Yes, I adore the feral woman motif. In “Mrs. Fox,” the wife sort of feels always to have the upper hand in the relationship. She is withdrawn, reticent, and then she becomes completely other, incapable even of a communal language. Spousal relationships are so odd, with both privacy from each other and the bonds of love increasing over the years. I suppose one of the metaphors there is that idea of “whoever loves less is loved more”: power imbalances and the sacrifices made because of power imbalances. There’s the strangest accord at the end of the story; maybe just the staying-togetherness, no matter the mutability of people and the degrees to which we disconnect or can’t connect, is the success.
In “Evie” though, I think the whole thing becomes darker. The husband doesn’t love the wife, can’t really love anyone for whatever reason, but her sexual appetite and it’s lack of boundaries begins to suit his hidden proclivities more. Though Evie initially seems the agent of her change, the final act is a realization of the husband’s fantasy—a threesome—and in some ways she is contorted more and more towards pleasing him, in pleasing herself, and perhaps even then falling short of his true affection. She moves so far from herself, splendidly, erotically, right into his hands. Is it a female disease? Centuries worth of adapting to men? I guess I see more tragedy and disturbance in that story. Not least because there is a peripheral character who really is capable of loving Evie, and though he gets to “partake” of her, it is under a life-threatening veil, and she and her disease break his heart.
Marriage—what a minefield! Do you think happy relationships are moot when it comes to short stories? It always seems the engine of the form is powered by psychological breakdown, the undermining of normality, our shadow-selves, some kind of scoochy quality anyway. And in any case, this idea of connubial happiness—does everything work on duplicity—we don’t really believe the idea do we, but we trade in its bullshit artistic currency every day?
HE: Marriage is a minefield of writing material. It’s certainly been around a lot longer than superheroes and dystopia and vampires and murder-by-text. It’s always been a draw for me: the question of what goes on behind closed doors. But, I think what’s interesting are the happy relationships that are behind those doors. Not everyone’s definition of happiness is the same. For example, I write a story about a book club hostess who is happily married and childfree, but she’ll stop at nothing to give her guests what they want. In fact, none of the women in American Housewife want out of their marriages. One may way want her husband dead, but the marriage enables her to—as Oprah would say—live her best life! What interests me is how a marriage lets a woman blossom (not the common literary theme). There’s no telling what trouble we can get up to when we’re left alone for most of the day. Think I Love Lucy meets The Twilight Zone—or more contemporarily, Black Mirror.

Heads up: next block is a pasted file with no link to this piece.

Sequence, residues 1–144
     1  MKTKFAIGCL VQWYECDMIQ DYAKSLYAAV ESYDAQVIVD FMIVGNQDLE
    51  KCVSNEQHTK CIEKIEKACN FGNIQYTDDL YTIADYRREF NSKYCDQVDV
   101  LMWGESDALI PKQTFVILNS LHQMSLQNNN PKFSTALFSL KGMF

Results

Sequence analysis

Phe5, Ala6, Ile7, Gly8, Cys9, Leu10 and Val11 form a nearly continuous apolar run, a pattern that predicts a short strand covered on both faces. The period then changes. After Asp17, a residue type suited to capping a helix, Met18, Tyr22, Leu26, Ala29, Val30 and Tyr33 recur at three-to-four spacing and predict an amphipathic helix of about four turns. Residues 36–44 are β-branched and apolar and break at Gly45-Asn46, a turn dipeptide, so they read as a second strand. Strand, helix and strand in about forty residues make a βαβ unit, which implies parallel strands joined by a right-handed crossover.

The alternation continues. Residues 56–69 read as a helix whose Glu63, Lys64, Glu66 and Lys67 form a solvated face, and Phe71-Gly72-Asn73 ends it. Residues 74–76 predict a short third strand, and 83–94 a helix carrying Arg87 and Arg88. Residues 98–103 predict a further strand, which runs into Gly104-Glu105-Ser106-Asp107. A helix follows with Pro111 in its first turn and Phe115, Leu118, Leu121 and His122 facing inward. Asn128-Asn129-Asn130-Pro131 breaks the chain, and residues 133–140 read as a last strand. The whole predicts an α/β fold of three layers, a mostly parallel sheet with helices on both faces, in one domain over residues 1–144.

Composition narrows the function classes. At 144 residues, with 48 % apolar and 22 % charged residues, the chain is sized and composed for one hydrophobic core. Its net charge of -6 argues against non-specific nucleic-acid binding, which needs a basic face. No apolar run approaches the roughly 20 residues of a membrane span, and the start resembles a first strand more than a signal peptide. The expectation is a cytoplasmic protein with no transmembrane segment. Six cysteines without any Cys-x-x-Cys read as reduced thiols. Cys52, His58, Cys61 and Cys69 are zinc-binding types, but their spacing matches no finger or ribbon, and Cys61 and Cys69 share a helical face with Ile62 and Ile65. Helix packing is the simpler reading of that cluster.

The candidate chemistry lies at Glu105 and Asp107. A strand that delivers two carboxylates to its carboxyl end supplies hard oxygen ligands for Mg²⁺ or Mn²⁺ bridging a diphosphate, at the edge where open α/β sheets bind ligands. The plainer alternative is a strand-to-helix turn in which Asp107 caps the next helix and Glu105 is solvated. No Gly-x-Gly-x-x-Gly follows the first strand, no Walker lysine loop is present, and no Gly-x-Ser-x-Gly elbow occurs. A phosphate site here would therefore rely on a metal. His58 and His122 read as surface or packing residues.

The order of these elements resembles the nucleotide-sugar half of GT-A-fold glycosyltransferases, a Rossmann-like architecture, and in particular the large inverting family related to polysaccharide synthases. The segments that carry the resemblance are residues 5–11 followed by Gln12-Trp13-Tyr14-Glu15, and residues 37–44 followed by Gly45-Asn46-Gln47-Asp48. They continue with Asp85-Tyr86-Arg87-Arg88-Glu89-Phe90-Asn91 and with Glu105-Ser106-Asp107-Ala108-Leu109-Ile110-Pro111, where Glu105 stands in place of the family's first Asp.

Last question: if we were going to host a Tupperware Party, what living women short story writers would we invite to join us in our unhinged domesticity? I’m thinking Rebecca Lee, Diane Cook, Kitt Reed, and Lucy Wood.
SH: Happiness is hard to define. I think that’s a problem humans have had for quite some time. I love debates about whether vacuum-packed (shrink-wrapped?) chicken, while convenient, has led to some kind of evolutionary glumness—e.g. we only can feel real satisfaction and happiness if we’ve chased the hen and wrung its neck ourselves. That’s by-the-by. Happiness and marriage and love—eek! All the trades and trade-offs and negotiations and habits and eras and wars. It is a brave question—how do women thrive in and benefit from marriage, especially now that there are laws that enable women to inherit, own property, approach equality, all without needing a husband—in the West at least? We hear a lot about chaps living longer if they’ve got a missus to help administer cold medicine and to bonk them regularly, and all the other little comforts and benefits and emotional labors of union. But women? Don’t we live as long if single, even if we’re putting the garbage out ourselves? What does partnership provide beyond sex and tax breaks? Plenty of things, I’m sure. But, you’re on it, and it’s maybe a more complicated matter, difficult territory in an era of binary ideas about liberation.
There’s a very interesting short story by James Salter called “Give” that illustrates the discrepancies and dishonesties and power-imbalances and secrets and accords and amnesties within marriage. But who would I add to the list of corking contemporary lady writers? Tessa Hadley (another queen of the domestic subversive, such as you are too, Helen), Ali Smith—such imagination and humanity, oh my goodness, I realize my list of guests is going to be long, and we’ll need more bottles of wine . . . Taiye Selasi, Claire Vaye Watkins, Yiyun Li, Claire Keegan . . . The Women’s Power Block of the Short Story Form.